Antidepressant May Benefit Traumatic Brain Injuryby Jennifer Gibson, PharmD | November 9, 2016
The prevalence and functional effects of depressive disorder following traumatic brain injury are significant. Now, sertraline may be effective for preventing depressive symptoms after TBI.
A group of researchers at Baylor College of Medicine evaluated 94 patients aged 18 to 85 years who had been hospitalized for mild, moderate, or severe traumatic brain injury (TBI). Most of the patients (n=92) were Caucasian and more than half (n=56) were male. The research team randomized the patients to receive either 100 mg daily of sertraline (48 patients) or placebo (46 patients) for 24 weeks or until symptoms of a mood disorder occurred.
Overall, sertraline was effective at preventing the onset of depressive symptoms compared to placebo. Sertraline was also well tolerated and adverse effects in both treatment groups were mild. It is unclear how long the effects of sertraline last in this patient group.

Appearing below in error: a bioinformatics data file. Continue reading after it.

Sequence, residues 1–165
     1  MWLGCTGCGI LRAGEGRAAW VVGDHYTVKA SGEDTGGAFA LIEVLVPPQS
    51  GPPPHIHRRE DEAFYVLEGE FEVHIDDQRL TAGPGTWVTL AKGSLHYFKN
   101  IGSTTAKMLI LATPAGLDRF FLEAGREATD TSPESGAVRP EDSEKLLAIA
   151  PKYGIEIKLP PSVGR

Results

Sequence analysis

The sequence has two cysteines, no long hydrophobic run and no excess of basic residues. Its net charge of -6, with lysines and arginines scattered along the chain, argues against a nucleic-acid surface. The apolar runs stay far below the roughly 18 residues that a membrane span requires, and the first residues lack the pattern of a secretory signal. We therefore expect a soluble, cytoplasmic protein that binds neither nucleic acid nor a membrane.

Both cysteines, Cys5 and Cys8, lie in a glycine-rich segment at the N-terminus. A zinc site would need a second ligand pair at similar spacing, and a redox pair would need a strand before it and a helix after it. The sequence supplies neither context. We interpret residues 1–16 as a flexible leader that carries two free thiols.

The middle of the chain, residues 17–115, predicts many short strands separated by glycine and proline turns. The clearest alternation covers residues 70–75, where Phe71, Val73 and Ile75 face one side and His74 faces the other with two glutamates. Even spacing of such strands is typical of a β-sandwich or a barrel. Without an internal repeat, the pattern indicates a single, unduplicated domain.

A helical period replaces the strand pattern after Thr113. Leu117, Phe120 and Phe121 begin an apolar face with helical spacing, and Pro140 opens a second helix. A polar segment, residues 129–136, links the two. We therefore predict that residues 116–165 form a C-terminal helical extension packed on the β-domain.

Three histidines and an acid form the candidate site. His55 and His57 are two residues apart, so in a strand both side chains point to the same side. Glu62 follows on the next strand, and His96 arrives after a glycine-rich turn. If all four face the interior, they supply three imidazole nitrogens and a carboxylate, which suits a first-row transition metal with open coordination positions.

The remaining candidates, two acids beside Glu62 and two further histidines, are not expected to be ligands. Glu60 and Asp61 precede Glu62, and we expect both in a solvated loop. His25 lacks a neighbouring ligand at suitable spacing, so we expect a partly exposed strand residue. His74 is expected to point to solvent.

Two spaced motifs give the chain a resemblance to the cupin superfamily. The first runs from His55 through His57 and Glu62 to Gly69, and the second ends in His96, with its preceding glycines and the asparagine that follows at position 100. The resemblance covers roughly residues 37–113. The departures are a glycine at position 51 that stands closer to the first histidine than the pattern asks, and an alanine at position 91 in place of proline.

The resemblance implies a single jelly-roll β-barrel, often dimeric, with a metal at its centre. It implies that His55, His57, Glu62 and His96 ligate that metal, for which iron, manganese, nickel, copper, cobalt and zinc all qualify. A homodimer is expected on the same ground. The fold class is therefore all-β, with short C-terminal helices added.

The incidence of TBI is rising and it now is a major cause of death and disability. TBI can occur from injury, stroke, falls, motor vehicle accidents, and violence. People suffering moderate to severe TBI are at risk for depression and loss of life roles. Life satisfaction declines in this population, so prevention of depressive symptoms is imperative for maintaining health and function.
Sertraline, an antidepressant, has been used to treat PTSD but its effects in TBI are still being defined. The results of the study, which were published in JAMA Psychiatry, need to be confirmed with larger sample sizes and in multicenter trials. Further, a question remains if combining sertraline with cognitive behavioral interventions will optimize long-term outcomes.
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Hien DA, Levin FR, Ruglass LM, et al. Combining seeking safety with sertraline for PTSD and alcohol use disorders: a randomized controlled trial. J Consult Clin Psychol. 2015;83(2):359-369. PMID: 25622199
Jorge RE, Acion L, Burin DI, Robinson RG. Sertraline for preventing mood disorders following traumatic brain injury. JAMA Psychiatry. 2016. Epub ahead of print. doi: 10.1001/jamapsychiatry.2016.2189
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